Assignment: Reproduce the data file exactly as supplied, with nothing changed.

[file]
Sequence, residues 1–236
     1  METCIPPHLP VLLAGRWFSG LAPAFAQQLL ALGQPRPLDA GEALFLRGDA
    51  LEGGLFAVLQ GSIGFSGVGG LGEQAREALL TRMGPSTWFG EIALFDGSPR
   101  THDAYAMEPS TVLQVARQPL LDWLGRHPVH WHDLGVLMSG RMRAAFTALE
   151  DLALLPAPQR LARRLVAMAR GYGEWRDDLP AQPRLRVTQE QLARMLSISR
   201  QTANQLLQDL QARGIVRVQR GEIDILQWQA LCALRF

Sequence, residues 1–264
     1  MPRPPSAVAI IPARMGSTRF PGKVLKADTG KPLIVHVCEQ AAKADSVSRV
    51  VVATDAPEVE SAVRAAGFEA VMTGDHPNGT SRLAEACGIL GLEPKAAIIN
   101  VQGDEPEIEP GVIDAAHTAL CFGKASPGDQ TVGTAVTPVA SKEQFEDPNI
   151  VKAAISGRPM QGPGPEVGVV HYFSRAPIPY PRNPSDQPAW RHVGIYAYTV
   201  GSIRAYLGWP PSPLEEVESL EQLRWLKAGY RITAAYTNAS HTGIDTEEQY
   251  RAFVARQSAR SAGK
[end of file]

Sequence, residues 1–236
     1  METCIPPHLP VLLAGRWFSG LAPAFAQQLL ALGQPRPLDA GEALFLRGDA
    51  LEGGLFAVLQ GSIGFSGVGG LGEQAREALL TRMGPSTWFG EIALFDGSPR
   101  THDAYAMEPS TVLQVARQPL LDWLGRHPVH WHDLGVLMSG RMRAAFTALE
   151  DLALLPAPQR LARRLVAMAR GYGEWRDDLP AQPRLRVTQE QLARMLSISR
   201  QTANQLLQDL QARGIVRVQR GEIDILQWQA LCALRF

Sequence, residues 1–264
     1  MPRPPSAVAI IPARMGSTRF PGKVLKADTG KPLIVHVCEQ AAKADSVSRV
    51  VVATDAPEVE SAVRAAGFEA VMTGDHPNGT SRLAEACGIL GLEPKAAIIN
   101  VQGDEPEIEP GVIDAAHTAL CFGKASPGDQ TVGTAVTPVA SKEQFEDPNI
   151  VKAAISGRPM QGPGPEVGVV HYFSRAPIPY PRNPSDQPAW RHVGIYAYTV
   201  GSIRAYLGWP PSPLEEVESL EQLRWLKAGY RITAAYTNAS HTGIDTEEQY
   251  RAFVARQSAR SAGK